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Once again, I'm pulling up a recipe that we actually made several weeks ago in our Taste of Europe project, because it's taken me this long to remember to share it. This one is from the little country of Macedonia, which many of us remember as the king of Alexander the Great. You may also remember that Macedonia is mentioned in the book of Acts, when a man from Macedonia appears to the apostle Paul in a dream with a plea for Paul to come and help them. Paul and Barnabas heeded the "Macedonian Call" and founded the first Christian churches in Europe. That historical region is now divided between Greece, Bulgaria, and the modern nation of Macedonia.
Macedonia is a small landlocked country in the middle of the Balkan Peninsula, bordered by Greece, Albania, Kosovo, Serbia, and Bulgaria. The country is mostly forested mountains, with limited grazing and mining in some areas. Agricultural resources include cotton, wheat, and fruit.
After the decline of the Ottoman Empire, the countries in the Balkan Peninsula were in conflict as they fought for control. During the Balkan Wars of 1912-1913, Greece, Serbia, and Bulgaria combined to defeat the Turks, and then fought among themselves for control. At that time the northern portion of Macedonia became part of Yugoslavia. Macedonia declared independence after the breakup of Yugoslavia, but Greece refused to allow the European Union to recognize its independence. Even today, the US and UN officially designate the nation as "The Former Yugoslav Republic of Macedonia" because of the still-unresolved dispute over Greece's opposition to the name.
The food of Macedonia is similar to the traditional foods of Greece and Turkey, with pork and lamb being the most commonly used meats. Vegetables, fruits, and desserts such as baklava are popular. The dish we tried has an unpronounceable name - Pastrmajlija - and is traditionally made with smoked pork. We got our recipe from Global Table Adventure and here's how we made it.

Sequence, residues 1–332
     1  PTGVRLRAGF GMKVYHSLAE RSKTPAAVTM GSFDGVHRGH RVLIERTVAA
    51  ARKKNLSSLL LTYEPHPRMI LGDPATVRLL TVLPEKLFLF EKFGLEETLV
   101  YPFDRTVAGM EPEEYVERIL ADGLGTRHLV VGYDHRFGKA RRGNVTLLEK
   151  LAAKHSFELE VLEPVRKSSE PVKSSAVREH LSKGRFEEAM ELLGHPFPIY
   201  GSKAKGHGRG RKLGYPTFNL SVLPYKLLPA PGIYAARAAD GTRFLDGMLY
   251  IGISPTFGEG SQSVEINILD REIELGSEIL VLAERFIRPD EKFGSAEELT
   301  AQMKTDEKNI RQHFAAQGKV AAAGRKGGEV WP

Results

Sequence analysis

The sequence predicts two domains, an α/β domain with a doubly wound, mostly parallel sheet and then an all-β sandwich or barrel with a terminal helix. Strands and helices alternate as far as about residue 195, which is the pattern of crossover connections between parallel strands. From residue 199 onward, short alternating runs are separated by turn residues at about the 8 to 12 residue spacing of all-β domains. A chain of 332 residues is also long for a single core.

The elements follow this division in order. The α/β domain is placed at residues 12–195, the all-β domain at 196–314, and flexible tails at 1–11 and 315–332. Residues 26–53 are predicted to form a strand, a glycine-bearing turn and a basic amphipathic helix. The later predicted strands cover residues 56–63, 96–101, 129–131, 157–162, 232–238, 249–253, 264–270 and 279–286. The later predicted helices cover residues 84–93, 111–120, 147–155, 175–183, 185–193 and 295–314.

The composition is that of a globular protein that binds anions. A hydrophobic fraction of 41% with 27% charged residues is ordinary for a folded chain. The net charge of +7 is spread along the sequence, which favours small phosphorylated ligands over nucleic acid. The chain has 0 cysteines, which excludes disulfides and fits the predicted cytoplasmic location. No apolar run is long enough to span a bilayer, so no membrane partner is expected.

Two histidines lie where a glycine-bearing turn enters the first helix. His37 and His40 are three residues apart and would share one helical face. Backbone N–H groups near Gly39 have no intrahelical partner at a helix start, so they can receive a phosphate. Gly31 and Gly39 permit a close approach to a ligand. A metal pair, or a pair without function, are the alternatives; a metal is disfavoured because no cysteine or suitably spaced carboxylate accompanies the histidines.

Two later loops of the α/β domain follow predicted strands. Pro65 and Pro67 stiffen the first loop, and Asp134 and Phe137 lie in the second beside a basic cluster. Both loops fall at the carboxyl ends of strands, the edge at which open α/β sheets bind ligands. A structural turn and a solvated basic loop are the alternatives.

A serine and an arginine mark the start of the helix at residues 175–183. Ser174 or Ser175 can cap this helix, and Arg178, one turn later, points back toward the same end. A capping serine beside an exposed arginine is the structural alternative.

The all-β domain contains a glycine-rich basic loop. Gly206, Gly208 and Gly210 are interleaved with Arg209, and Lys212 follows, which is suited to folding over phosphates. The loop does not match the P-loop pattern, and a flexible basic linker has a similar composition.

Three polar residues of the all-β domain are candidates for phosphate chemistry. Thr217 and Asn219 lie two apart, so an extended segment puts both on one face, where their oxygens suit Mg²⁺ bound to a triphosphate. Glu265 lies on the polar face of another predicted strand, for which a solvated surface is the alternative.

We started with homemade whole wheat pita dough (recipe also from Global Table Adventure), which was a lot easier than I would have thought, and made a good pizza crust. After allowing the pita dough to rise, we divided it into two pieces and rolled and patted each into a circle. It's really important the you make a good "lip" around the edge of the circle, because you don't want the egg to drip off! I thought I'd made it large enough the first time - I was wrong.
Dice a large boneless pork loin chop, and toss with some olive oil and salt and pepper. Spread onto the crust, and brush with a bit more olive oil. Break an egg over the pizza before baking if you prefer the egg completely set. If you prefer it a bit runny, add it after about 6-8 minutes of baking time.
Bake on a preheated pizza stone in a 400* oven.
You may also want to try it with the egg scrambled before being added to the pizza. This was how we preferred it, and I did a better job of making the lip of the crust tall enough on this one too.
Very simple, with only a few ingredients, but it was tasty. We found it was best eaten right away, not reheated.
This post is linked at Try a New Recipe Tuesday, hosted by Lisa at Home to 4 Kiddos
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